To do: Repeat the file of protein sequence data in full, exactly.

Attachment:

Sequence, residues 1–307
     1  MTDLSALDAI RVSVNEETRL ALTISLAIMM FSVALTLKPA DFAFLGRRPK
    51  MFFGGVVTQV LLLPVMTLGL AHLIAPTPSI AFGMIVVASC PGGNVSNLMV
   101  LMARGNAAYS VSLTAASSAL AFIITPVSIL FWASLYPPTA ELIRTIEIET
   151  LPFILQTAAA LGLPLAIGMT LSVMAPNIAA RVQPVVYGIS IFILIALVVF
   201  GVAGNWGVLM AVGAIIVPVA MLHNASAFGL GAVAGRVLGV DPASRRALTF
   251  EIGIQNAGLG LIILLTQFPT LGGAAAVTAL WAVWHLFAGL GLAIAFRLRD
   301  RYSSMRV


Sequence, residues 1–307
     1  MTDLSALDAI RVSVNEETRL ALTISLAIMM FSVALTLKPA DFAFLGRRPK
    51  MFFGGVVTQV LLLPVMTLGL AHLIAPTPSI AFGMIVVASC PGGNVSNLMV
   101  LMARGNAAYS VSLTAASSAL AFIITPVSIL FWASLYPPTA ELIRTIEIET
   151  LPFILQTAAA LGLPLAIGMT LSVMAPNIAA RVQPVVYGIS IFILIALVVF
   201  GVAGNWGVLM AVGAIIVPVA MLHNASAFGL GAVAGRVLGV DPASRRALTF
   251  EIGIQNAGLG LIILLTQFPT LGGAAAVTAL WAVWHLFAGL GLAIAFRLRD
   301  RYSSMRV